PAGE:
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Playing Offense in Retirement

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In a comment responding to my recent post about making better decisions in the face of uncertainty, a reader wrote: “Life is inherently risky. To try and compensate for every contingency is irrational. We can “what if” ourselves right into a straight jacket! You retired early … you won!”

As a lifelong football fan, this comment reminded me of Super Bowl LI. At the 8:31 mark of the third quarter, Tevin Coleman hauled in a six yard touchdown pass from quarterback Matt Ryan, putting the Atlanta Falcons ahead of the New England Patriots 28-3. 

Game over.

Even with future Hall of Fame coach Bill Belichick and quarterback Tom Brady on the other sideline, there was no chance of New England overcoming a 25 point deficit in a game in which they were being dominated by a formidable foe.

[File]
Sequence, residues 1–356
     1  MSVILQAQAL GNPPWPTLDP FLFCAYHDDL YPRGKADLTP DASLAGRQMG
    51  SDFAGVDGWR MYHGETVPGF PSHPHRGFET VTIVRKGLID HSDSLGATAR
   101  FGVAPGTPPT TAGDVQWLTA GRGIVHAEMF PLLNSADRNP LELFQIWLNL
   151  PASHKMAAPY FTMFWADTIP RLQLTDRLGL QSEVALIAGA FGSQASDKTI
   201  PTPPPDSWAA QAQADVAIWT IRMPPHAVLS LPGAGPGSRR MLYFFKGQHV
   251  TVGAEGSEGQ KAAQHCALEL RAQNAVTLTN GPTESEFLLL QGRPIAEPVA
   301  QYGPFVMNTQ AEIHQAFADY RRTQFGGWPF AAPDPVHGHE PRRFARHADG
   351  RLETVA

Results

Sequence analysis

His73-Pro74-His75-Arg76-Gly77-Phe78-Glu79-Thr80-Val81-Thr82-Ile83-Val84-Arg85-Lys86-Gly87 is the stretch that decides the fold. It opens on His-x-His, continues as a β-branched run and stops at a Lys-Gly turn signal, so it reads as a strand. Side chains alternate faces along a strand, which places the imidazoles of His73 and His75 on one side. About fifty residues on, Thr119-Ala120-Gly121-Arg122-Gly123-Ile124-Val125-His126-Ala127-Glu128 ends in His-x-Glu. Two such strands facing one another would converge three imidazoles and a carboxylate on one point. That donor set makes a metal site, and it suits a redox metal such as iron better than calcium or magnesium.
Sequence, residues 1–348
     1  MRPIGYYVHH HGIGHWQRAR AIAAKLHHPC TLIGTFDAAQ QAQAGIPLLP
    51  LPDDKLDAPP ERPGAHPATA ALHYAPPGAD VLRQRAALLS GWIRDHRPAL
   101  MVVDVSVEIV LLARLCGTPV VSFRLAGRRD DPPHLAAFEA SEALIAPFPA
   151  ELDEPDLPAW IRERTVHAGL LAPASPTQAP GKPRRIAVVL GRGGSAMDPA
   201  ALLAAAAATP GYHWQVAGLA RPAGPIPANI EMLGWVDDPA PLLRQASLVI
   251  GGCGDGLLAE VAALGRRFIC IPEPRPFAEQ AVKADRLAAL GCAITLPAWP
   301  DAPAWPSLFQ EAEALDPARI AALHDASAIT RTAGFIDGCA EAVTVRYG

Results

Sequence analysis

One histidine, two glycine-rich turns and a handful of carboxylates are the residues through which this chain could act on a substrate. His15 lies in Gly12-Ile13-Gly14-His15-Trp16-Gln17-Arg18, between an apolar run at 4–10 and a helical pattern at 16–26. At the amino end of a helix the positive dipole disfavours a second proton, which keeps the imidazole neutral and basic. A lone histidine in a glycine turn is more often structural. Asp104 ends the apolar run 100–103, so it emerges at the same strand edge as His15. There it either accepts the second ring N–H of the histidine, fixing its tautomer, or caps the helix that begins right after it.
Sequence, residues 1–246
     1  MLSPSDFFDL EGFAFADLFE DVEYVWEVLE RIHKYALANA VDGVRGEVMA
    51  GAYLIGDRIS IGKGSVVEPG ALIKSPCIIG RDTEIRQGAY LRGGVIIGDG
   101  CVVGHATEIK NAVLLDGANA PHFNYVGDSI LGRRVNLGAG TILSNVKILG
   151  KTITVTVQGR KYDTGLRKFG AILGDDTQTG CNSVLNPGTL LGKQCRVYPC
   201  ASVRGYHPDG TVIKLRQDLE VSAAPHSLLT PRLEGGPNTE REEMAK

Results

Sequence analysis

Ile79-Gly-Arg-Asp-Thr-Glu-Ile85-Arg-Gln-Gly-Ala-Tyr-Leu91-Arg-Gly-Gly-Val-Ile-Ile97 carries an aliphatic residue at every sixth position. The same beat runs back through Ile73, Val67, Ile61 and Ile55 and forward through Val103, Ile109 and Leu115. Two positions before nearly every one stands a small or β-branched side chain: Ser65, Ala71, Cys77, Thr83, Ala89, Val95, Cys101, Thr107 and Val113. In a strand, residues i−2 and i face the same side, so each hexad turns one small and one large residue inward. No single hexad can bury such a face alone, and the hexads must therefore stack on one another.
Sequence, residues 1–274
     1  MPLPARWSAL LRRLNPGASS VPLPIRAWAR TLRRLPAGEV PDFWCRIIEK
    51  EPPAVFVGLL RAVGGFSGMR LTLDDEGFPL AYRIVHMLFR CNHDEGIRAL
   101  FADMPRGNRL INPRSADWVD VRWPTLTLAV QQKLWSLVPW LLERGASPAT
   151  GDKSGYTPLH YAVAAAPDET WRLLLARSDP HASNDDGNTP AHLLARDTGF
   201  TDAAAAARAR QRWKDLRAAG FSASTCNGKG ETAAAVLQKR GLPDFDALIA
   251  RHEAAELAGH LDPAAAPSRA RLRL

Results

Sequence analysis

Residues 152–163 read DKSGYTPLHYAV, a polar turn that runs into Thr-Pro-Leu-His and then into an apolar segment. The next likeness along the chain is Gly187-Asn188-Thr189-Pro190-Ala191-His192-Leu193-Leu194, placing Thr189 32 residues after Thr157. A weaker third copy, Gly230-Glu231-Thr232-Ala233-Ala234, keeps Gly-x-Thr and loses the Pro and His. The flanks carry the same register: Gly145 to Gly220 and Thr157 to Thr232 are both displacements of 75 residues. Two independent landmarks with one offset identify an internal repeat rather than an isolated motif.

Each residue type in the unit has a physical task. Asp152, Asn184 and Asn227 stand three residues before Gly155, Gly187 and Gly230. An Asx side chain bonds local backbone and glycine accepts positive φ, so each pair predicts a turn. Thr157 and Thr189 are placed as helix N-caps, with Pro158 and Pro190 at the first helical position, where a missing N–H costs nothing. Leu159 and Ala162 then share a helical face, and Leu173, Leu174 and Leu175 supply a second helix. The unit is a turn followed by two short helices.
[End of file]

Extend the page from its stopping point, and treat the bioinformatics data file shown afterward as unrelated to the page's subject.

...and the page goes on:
Except they did.

New England scored the last 25 points in regulation to force overtime. Four minutes into overtime, James White ended the game with a two yard touchdown run. Final score: New England 34, Atlanta 28.

Atlanta took its foot off the gas pedal. They tried to run out the clock. And they lost.

There’s a valuable lesson there that we can all apply to retirement planning. . . It ain’t over ‘til it’s over. 

If you’re retiring at the traditional retirement age, you may only be in the third quarter of life. If you leave your career early, like I did at age 41, it may not even be half-time. You haven’t won yet.

Traditional retirement planning, assuming earning no more income and focusing on safe withdrawal rates, is akin to trying to run out the clock. It’s playing not to lose.

Let’s look at why you should continue to play offense in retirement, especially if you’re planning to retire early.

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